And that is when I felt it. It usually starts with just a feeling… a very small worry within your heart, a feeling that just tugs at you – telling you something is not. quite. right.

My toddler sl-ow-ly woke up – not dashing for the Legos, not sliding down the stars, not even remotely attempting a break for the doggie door. I could tell without a doubt that he was…


The need to escape from the responsibility of a crazy toddler was gone.
And rapidly replaced with:

Love and concern.

As I worked hard to block the worries out of my mind and concentrate on taking care of my son, I began to think of how much I really have.

Our health. Just enough wealth. And a family I love and adore way more often then not.

And I felt grateful. Beyond belief.
For all I have. And all that I don’t have.

And at that time the word “escape” – was the furthest from my mind.

Leave a comment. Do you ever feel the need to escape responsibility only to realize just as quickly how much you never want to loose that responsibility?


This week I am trying something new! I am linking up with Genny Heikka
at My Cup to Yours for her Mom-Monday’s Link-up.

This entry was posted in Family, Motherhood, Travel and tagged . Bookmark the permalink.

11 Responses to Escape

  1. angela says:

    We had a night away from both kids this weekend, which I normally love. I missed them a lot this time, though, and I just wanted to see them again 🙂 Of course, that was Saturday. By Sunday I could have used an extra hour to myself 😉 I hope your little guy is feeling better.

    • Kate F. says:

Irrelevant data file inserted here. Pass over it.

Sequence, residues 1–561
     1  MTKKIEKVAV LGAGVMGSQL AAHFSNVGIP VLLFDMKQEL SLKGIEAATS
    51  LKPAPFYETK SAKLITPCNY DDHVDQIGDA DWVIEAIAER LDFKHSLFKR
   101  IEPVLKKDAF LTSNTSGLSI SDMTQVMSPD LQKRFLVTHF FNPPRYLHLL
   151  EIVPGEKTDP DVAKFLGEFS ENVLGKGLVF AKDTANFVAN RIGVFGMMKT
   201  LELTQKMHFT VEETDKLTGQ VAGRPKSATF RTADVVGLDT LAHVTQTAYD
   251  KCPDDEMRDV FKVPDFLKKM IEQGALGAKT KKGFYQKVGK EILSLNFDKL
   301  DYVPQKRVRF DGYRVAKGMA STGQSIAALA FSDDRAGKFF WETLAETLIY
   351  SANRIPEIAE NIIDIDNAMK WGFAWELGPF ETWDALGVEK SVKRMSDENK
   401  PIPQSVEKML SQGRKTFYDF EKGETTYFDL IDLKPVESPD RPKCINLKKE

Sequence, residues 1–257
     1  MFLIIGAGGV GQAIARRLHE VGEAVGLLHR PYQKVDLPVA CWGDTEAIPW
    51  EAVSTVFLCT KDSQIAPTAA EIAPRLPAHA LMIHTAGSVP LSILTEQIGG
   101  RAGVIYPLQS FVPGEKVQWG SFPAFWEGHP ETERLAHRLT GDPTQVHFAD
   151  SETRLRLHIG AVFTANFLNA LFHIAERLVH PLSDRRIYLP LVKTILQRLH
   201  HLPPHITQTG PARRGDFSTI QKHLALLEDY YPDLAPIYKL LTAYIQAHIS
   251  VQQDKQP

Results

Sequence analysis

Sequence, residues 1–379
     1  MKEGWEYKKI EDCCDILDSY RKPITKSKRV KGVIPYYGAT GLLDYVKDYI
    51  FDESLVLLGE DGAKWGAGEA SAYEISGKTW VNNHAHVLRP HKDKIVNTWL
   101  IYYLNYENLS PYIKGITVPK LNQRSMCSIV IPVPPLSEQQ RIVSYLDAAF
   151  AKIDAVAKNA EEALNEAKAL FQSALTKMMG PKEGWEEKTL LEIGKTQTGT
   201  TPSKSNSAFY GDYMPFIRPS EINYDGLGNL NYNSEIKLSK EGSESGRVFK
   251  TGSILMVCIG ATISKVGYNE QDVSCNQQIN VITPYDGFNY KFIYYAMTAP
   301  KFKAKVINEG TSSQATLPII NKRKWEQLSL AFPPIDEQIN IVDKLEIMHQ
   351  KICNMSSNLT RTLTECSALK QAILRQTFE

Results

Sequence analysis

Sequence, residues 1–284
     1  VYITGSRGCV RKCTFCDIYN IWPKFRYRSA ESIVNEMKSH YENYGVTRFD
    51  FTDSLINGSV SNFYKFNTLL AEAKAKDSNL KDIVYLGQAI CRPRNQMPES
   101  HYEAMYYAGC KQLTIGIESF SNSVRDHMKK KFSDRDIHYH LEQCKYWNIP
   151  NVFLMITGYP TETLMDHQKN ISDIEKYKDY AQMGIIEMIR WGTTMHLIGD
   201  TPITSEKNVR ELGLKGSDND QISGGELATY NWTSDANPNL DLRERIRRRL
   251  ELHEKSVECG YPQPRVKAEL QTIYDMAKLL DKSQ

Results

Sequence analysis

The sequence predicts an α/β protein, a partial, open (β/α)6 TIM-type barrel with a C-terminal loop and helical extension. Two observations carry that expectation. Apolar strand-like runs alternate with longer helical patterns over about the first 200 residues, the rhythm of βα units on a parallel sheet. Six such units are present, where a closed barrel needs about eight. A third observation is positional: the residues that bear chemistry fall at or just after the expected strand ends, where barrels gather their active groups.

Thanks for asking – he does seem to be doing better, although not a 100% yet.

      My husband and I try to get away a couple times a year without any kids – typically we keep it to only 1-3 nights away due to that very same problem – we miss all our kids. We all need time away to remind us how much we also don’t need as much time away. Right? 🙂

  2. Pamela says:

    I’m glad you had a nice getaway but I hope your little one is feeling better soon:) I understand about the exhaustion of chasing an active two year old but also how sad it is when they are under the weather and not themselves.

    • Kate F. says:

      It is amazing to see all the energy a 2-year-old has when they are healthy, and then to compare it to how little they have when they are sick. 🙁 Really puts things in perspective Pamela…

  3. Oh, Kate…yes. I relate to this! With kindergarten this fall with my oldest…{sob} I really can’t talk about it without choking up. No. Really. Michigan’s doing “all day every day” with kindergarten this year. I’m not ready to have her gone so much! It’s killing me! But she’s so excited. I don’t want to stifle her joy. So, I cry when she’s not looking.

  4. Kate – how perfectly you wrote this! The need to get away from kids sometimes and how in an instant that doesn’t matter when they need us. Loved every word!

    • Kate F. says:

      Thanks Missy. I keep challenging my self both here and at Mothers Central to write more with less – however writing shorter yet still thought provoking stories that share my weekly “happenings” is way harder than one might think! So glad you enjoyed reading the post and related to it.

  5. Missy says:

    Your escape sounds like so much fun! And I completely get it – needing a break in the vigilance required with a toddler or preschooler is understandable. I have one of those cute troublemakers, too!

    But yes, even in the chaos I feel grateful, and overwhelmed with love for this family. This family that can drive me batty and fill my heart simultaneously.

    • Kate F. says:

      Frustration and Love: Isn’t it amazing how those two feelings can so seamlessly co-exist with each other? 🙂

  6. What great perspective you have, Kate.

    “I felt grateful. Beyond belief.
    For all I have. And all that I don’t have.”

    Isn’t that the truth? Escape is great.
    But there is nothing like having a “home” to return to.

    • Kate F. says:

      I love being able to “capture my perspective” as reflections in my writing here on my personal blog. I’m so glad you also enjoyed my personal reflections Julie.